Unfortunately due to their high cost, preschools in the private sector are beyond the reach of most middle-income families. Hence, for the preschools that are found, the primary motive in most such cases is to make money on what is seen as an investment. Many parents from middle- or low-income backgrounds want to send their children to such schools but cannot because one, pre-schools are not found in the public sector, two, because the ones that are there are too expensive, and three, because they (the parents) are not given any proper guidance when their children are very young. The result is that their children lag behind in terms of their intellectual and social development compared with children from more affluent backgrounds.

Parents who have nuclear families also feel a need for preschools in the public sector. In nuclear families the parents have to face many problems in the appropriate rearing of their children, particularly if one or both of the parents suffer from some kind of infirmity or face other problems. One common issue is having to work long hours to make both ends meet, the result being that children remain at home lonely and uneducated. Besides this, families from financially unsound backgrounds have small houses, sometimes consisting of a single room and with no space for children to play and such a living environment can be very suffocating for young children.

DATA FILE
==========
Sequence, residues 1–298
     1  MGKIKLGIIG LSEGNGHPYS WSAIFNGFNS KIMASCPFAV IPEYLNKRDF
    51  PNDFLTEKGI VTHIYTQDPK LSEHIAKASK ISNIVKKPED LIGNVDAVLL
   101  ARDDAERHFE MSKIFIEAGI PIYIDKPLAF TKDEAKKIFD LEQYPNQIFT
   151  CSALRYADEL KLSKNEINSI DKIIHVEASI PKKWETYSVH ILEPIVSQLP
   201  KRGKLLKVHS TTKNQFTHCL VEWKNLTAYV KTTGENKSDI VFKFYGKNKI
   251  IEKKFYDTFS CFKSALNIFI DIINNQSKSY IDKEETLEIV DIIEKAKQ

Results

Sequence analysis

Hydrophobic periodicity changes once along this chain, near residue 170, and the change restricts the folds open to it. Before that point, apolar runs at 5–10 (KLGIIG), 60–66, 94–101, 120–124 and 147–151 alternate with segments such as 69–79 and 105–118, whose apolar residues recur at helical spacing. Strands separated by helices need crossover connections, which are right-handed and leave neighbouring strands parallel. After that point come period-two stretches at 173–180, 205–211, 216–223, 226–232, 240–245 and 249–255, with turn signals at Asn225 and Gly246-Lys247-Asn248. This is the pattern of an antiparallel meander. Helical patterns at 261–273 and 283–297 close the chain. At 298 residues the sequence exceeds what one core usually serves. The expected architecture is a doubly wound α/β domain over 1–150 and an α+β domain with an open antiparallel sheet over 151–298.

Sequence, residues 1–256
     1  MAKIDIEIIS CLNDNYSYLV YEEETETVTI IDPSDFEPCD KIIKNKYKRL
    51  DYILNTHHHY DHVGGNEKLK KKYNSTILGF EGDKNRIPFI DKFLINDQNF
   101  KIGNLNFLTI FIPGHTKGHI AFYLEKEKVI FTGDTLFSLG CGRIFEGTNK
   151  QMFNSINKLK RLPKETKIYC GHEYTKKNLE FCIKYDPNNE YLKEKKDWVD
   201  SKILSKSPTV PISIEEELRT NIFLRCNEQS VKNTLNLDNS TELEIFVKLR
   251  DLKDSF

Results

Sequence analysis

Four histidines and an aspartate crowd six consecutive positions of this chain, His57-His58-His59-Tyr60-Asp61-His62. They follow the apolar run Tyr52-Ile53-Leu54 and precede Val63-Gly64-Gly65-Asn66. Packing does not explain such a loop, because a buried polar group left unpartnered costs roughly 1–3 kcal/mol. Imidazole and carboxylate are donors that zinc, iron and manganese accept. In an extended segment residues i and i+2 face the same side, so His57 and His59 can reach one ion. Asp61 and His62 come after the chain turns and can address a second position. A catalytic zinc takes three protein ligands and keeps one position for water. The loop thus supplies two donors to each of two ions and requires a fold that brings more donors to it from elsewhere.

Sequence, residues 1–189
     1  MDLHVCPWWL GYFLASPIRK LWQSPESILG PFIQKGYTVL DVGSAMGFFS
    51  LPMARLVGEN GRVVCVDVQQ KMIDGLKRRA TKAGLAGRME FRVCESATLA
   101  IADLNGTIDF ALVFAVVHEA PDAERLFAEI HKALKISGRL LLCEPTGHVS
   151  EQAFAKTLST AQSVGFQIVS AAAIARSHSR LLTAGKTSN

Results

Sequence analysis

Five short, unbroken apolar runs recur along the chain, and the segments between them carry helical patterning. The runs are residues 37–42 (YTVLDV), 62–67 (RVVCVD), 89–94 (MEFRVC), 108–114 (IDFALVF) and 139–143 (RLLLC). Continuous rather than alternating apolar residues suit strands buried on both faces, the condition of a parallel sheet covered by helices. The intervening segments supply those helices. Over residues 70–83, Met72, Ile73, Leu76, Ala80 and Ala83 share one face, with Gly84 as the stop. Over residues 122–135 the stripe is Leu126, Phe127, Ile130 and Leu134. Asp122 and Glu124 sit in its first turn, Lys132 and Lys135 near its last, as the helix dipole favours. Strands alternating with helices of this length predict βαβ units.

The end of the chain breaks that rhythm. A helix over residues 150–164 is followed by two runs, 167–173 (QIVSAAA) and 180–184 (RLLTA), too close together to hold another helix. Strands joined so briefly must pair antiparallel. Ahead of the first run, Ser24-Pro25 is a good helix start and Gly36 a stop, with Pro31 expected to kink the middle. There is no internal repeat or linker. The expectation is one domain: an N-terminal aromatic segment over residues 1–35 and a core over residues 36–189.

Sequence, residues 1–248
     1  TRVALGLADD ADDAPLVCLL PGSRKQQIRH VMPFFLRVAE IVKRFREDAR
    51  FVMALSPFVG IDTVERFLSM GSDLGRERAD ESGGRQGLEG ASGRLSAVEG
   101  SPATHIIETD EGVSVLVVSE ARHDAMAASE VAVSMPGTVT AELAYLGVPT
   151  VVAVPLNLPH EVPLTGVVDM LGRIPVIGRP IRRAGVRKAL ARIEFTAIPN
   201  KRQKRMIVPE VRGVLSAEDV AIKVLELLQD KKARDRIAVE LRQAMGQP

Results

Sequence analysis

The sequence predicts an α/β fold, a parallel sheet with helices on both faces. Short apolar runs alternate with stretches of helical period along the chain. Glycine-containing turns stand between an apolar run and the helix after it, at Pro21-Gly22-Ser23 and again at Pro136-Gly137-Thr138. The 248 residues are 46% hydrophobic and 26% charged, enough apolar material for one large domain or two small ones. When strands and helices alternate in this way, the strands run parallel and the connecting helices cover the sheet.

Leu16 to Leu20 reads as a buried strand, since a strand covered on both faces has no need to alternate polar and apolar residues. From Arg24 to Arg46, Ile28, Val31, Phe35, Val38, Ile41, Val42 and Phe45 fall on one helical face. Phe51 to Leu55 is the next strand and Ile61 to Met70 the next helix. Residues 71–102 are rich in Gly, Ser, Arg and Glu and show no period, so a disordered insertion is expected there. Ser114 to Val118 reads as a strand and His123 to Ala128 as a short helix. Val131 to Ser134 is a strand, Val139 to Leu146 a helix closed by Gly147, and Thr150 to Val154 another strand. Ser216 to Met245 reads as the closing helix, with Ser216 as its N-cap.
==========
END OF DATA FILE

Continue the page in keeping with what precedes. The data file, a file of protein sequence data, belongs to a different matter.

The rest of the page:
Then there are parents who only have one child. This child has certain social and psychological needs and should interact with other children of his age group. This is not going to happen unless the child is ready to be sent to school, which will not happen till the time he is five years old. In such a situation, the child can become very fussy as he grows up and also too dependent on his parents. In such a situation, the option to be able to send the child to a preschool can well be a blessing in disguise.

Another benefit — which I think is perhaps the most important one — is that such schools provide an opportunity for working mothers to get on with their jobs despite having young children. This allows them to earn a decent living and to add to the family’s income and this can lead to a better quality of life and standard of living for the whole family. There are numerous instances of women leaving their jobs in order to take care of a young child. This can cause a big economic loss for not only to the mother but also for the whole family.

One other problem that preschools can solve is that in many cases both or one of the parents is uneducated and does not know how to properly look after the child. Sometimes though the parents are educated but both are working, and in this case they are compelled to leave their child in the care of either uneducated grandparents or a servant, which can have harmful influences on the early habit forming phase of the child’s life.

Still another issue is the apparent helplessness of parents in case there are harmful influences coming from the neighbourghood of the child’s home. A child between the ages of three and five can be exposed to bad influences if the neighbourhood where his parents reside in is not good. In Pakistan, it is quite likely that a low-income family may live is just such an area. A preschool can help greatly in this regard by taking the child away from the harmful effects of the neighbourhood.